Rainbow log cabin block

rainbow log cabin quilt block

This week I tried my hand at a log cabin block, and I took notes! The following steps will get you one rainbow log cabin block with a finished size of 9.5 inches (so that’s 9 inches after it’s joined up with other blocks). For a bigger block, simply add more strips.


  • thread
  • 1 2.5 x 2.5 inch piece of fabric for the center (I chose a print that combines the colours of the first coloured and low-volume strips)
  • 10 assorted white or low-volume strips, 1.5 inches wide
  • 2 each of 5 different coloured strips, 1.5 inches wide – you can see I left out purple and orange but doubled up on blue, and you can improvise accordingly to get the rainbow you want

squaring up a quilt block

If you don’t want to wing it on the strip lengths, see the steps below for specific measurements. Consider the lengths listed to be a minimum recommendation. I like every strip to be at least a half an inch longer than the side it’s being sewn to; sew one strip, trim it up (as pictured at right), then continue.


  1. Cut the following pieces and sew them together in the order illustrated in the photo below. So, so piece B to the top of piece A, piece C to the right of pieces A and B, and so on, trimming up after each step.
    1. 2.5 x 2.5 inch center square
    2. 2.5 x 1.5 inch red strip
    3. 3.5 x 1.5 inch red strip
    4. 3.5 x 1.5 inch white strip
    5. 4.5 x 1.5 inch white strip
    6. 4.5 x 1.5 inch yellow strip
    7. 5.5 x 1.5 inch yellow strip
    8. 5.5 x 1.5 inch white strip
    9. 6.5 x 1.5 inch white strip
    10. 6.5 x 1.5 inch green strip
    11. 7.5 x 1.5 inch green strip
    12. 7.5 x 1.5 inch white strip
    13. 8.5 x 1.5 inch white strip
    14. 8.5 x 1.5 inch blue strip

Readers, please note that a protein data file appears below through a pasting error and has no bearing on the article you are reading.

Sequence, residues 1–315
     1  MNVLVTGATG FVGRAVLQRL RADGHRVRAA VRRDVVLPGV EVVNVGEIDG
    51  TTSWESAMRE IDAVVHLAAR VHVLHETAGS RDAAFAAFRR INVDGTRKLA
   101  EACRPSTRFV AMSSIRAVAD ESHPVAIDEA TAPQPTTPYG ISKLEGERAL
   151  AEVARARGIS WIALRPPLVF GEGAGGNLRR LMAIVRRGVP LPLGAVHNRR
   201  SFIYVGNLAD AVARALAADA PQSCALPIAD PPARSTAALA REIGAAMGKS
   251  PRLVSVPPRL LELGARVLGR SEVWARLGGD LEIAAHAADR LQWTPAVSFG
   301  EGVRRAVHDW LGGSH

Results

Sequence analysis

15. 9.5 x 1.5 inch blue strip

    log cabin quilt block diagram

  2. Square up the block.

finished log cabin block


The instructions above are for a single block, and you can use them to make as few or as many as you like. For a great way to make a bunch, assemble-line style, check out this method from Stitches in Play.

photo credit : patch + dot, all rights reserved (but feel free to share, of course!)





quilt block library : flying geese

This week I tried my hand at flying geese. I followed these instructions from Kristin at Sisters and Quilters, using four 10-inch layer cake squares (two solids and two prints), which sewn together produced a 14 x 14 inch block. There’s also a handy chart that tells you the size of block you should start out with to produce different sizes of finished quilt. The method she describes to build the blocks is really quick and efficient so it was a nice confidence builder!

flying geese quilt block

quilt block library : drunkard’s path


This is my first attempt at a Drunkard’s Path block / curved piecing. Could definitely use some more practice, and it definitely takes a steady patient hand at the machine, but it wasn’t quite as difficult as it’s often made to be. I used this really clear tutorial from Mack and Mabel, and there was only thing I did differently. Knowing that precision is not really my strong suit, in the section that describes making the concave pieces smaller, I drew the trim lines on with a pencil, then trimmed them only after the two parts were sewn together. (Then squared up the whole thing – all four quadrants – at the very end.)

Fabric in use: Botanics by Carolyn Friedlander